Thursday , October 23 2014
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The Visitor

By Monte Lazarus – Bengoshi@comcast.net

I recently had an unusual visitor. It just dropped by to see me and, using powers of deduction I developed by reading all of the Adventures of Sherlock Holmes, I concluded that it was from another planet. The fact that it was green and that it had only three fingers on each hand like a cartoon character were hints.  What confirmed that it was otherworldly was it was wearing a double knit “leisure suit” with a shirt collar hanging over the lapels. “Aha,” I thought, “Only someone from outer space would still wear one of those outfits.” My reasoning was correct.

The visitor was amiable, gentle and curious. It came from some planet where young males went forth on voyages of discovery and my guest was selected to learn about our society. He spoke a form of Olde English, and we were able to communicate fairly well. His name does not translate easily, and the closest we could come was “Harvey.” Why did Harvey choose to visit me? Apparently upon landing on Earth after a long and tedious journey (long enough to explain the leisure suit) he was fortunate enough to be on Marco Island where he picked up a copy of the Coastal Breeze. He read it cover-to-cover, and was interested in a column I wrote about a new Calusa discovery. Since satire is unknown on Harvey’s planet, he took the story literally. He believed it completely, never understanding the intended satire. Because he was not familiar with the history of our world he did not get that the two “archeologists” in the column were really the names of the Frenchmen who found the Rosetta Stone and solved it. He figured that I could give him a lot of good material about Earth creatures, and I was so flattered I never told him how little I know.

Harvey didn’t care about any of the stuff about the Calusas. He was curious about the things that mattered to Earthlings now, and he decided that watching television, particularly the Super Bowl, would furnish a ton of information. Harvey was extremely interested about two things in the broadcast: (1) why gigantic Earthlings, clad in armor, ran into each other for 60 minutes in an attempt to kill each other and, (2) what were those important things in the announcements (commercials) that kept interrupting the slaughter.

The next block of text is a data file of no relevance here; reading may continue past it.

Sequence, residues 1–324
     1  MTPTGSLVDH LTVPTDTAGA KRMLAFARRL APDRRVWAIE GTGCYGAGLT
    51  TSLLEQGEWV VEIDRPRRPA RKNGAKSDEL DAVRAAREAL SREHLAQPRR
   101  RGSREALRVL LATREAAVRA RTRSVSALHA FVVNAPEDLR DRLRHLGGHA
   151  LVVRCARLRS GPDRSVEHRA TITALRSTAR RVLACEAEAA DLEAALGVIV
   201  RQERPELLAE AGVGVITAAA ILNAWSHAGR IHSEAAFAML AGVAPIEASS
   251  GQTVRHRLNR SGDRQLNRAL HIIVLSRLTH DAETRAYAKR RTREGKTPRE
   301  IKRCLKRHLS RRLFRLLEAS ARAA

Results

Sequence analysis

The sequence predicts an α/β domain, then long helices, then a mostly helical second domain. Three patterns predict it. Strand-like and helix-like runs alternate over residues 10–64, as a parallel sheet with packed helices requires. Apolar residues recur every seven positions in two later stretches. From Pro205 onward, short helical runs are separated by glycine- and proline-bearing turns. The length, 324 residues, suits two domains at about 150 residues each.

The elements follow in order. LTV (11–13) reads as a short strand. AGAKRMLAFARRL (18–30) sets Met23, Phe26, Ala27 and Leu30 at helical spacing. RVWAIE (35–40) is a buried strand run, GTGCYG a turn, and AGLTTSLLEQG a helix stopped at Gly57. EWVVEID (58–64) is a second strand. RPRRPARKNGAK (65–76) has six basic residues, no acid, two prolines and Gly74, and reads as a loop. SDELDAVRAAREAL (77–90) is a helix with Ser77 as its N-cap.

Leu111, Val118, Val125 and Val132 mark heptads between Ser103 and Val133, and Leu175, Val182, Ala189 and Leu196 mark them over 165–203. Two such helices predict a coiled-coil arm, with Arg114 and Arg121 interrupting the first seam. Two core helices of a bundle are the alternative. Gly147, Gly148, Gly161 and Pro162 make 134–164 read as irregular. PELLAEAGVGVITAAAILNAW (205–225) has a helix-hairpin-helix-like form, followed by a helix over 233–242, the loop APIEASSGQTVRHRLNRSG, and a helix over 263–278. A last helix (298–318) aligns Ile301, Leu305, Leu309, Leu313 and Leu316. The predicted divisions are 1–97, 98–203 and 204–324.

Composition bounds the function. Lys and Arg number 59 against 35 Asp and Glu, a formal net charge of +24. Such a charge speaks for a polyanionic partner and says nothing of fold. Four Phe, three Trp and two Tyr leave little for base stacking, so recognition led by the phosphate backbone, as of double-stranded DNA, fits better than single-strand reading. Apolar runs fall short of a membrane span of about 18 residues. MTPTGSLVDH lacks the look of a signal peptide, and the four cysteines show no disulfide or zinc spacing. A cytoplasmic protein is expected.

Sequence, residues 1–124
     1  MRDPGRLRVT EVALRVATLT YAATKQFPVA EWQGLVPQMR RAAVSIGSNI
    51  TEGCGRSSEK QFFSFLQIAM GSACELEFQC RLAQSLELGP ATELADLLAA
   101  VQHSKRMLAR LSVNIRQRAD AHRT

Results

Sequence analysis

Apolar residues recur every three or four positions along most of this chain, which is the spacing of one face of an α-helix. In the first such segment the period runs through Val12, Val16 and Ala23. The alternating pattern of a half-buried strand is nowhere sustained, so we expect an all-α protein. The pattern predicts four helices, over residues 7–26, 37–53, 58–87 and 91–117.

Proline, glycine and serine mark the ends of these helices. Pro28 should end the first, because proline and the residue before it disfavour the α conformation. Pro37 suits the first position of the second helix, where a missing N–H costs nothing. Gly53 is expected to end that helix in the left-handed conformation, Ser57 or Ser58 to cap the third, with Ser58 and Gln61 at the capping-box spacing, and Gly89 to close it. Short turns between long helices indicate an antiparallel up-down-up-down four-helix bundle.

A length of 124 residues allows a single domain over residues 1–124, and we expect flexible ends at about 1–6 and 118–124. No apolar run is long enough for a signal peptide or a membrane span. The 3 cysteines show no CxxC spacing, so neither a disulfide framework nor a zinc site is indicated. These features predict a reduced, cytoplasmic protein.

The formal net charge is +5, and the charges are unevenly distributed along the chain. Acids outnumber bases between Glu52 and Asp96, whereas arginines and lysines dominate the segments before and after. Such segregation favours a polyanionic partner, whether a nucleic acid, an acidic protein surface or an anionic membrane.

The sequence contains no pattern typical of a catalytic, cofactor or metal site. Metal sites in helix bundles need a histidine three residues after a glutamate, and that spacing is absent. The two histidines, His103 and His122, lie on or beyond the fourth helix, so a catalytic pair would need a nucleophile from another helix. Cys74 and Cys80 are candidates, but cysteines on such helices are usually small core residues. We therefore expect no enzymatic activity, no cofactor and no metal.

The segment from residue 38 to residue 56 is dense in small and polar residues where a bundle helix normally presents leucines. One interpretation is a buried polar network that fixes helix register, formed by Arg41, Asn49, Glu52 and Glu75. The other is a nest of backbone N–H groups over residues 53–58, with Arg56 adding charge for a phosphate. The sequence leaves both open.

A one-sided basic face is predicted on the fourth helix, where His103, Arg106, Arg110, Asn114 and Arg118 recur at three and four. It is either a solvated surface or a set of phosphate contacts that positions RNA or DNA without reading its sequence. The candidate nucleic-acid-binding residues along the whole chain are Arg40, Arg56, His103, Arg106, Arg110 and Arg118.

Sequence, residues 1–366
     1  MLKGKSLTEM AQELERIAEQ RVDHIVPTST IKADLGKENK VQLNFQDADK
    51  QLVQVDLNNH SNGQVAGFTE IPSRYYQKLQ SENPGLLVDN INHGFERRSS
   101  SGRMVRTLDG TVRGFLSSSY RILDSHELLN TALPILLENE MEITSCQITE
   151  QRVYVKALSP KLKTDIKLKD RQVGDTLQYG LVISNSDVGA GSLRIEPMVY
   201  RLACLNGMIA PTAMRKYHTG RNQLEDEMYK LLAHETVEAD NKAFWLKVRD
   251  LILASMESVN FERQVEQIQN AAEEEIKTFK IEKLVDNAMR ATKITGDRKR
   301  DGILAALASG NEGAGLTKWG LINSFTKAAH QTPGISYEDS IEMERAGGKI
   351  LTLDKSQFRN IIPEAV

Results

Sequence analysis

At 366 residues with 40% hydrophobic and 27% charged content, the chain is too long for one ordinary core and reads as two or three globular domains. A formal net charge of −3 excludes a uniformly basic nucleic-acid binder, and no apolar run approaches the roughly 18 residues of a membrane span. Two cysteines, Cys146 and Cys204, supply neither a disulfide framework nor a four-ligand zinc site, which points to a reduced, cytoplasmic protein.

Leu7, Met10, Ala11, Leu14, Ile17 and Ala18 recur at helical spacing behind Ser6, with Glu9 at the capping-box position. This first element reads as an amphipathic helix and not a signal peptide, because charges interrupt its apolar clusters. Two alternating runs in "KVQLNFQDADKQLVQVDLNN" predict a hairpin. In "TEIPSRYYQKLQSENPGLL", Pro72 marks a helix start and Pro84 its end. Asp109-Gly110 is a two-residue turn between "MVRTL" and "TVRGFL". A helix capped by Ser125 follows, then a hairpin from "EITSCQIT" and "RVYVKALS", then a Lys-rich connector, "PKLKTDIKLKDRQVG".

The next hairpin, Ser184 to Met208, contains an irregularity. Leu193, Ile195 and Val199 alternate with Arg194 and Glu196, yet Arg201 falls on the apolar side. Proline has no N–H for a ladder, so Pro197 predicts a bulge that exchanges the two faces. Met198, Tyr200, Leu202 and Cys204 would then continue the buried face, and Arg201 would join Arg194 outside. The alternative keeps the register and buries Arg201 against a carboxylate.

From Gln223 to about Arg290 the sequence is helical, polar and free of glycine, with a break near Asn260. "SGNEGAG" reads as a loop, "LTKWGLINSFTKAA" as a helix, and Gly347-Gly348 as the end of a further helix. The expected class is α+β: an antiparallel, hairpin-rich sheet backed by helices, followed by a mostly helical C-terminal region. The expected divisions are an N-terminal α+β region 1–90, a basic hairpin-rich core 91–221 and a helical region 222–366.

I explained that what he saw was a game – a sport. Harvey had read some Earth history, and he instantly comprehended my explanation. He said, “Ah, verily, like the ancient Romans in the arena. I believe they were called gladiators.” “Something like that,” I replied, “Only our athletes actually get paid huge sums of money to get into the arena, and it is a most desirable profession for young males.” He was a bit puzzled. “You mean they aren’t slaves?” he asked. “Well” I tried to explain, “Some people believe that they are slaves of the owners of the teams, but they are actually free to leave. Also the owners set them free when they aren’t performing very well”.

“About those announcements every two or three minutes,” Harvey said. “I suppose they are to remind citizens about utilizing their funds to improve their lives?”

“Those interruptions are called ‘commercials,’” I explained. “Businesses pay for those announcements so that the game can be played and shown on television.”

“Oh, I comprehend,” said Harvey. “So the viewers purchase the very important things that are essential to their lives. They must consume enormous quantities of those beverages called beer, Pepsi Cola and Coca Cola, and buy a lot of automobile insurance for all those cars they need. Earthlings must also use a lot of that toilet paper stuff and take a lot of medicine. Of course, the people watching in the arena do not have to pay any of their ducats to attend since the interruptions cost so much.”

“No,” I explained. “The people in the arena pay enormous sums to see the game.” Harvey scratched his bald head and blinked his one eye in confusion. “Thank you for the information. I think I’ll have to study a lot before I return home.  I can tell there’s a lot I do not comprehend about Earthlings.”

“You are quite welcome, Harvey.” I’m sorry I couldn’t help more. I suggest that you don’t study the books about ‘Fifty Shades’ of anything. You might get a distorted view of Earthling behavior. Oh, and by the way, I’m very happy you did not study our society during the presidential campaign. If you did you couldn’t possibly understand anything about us.”


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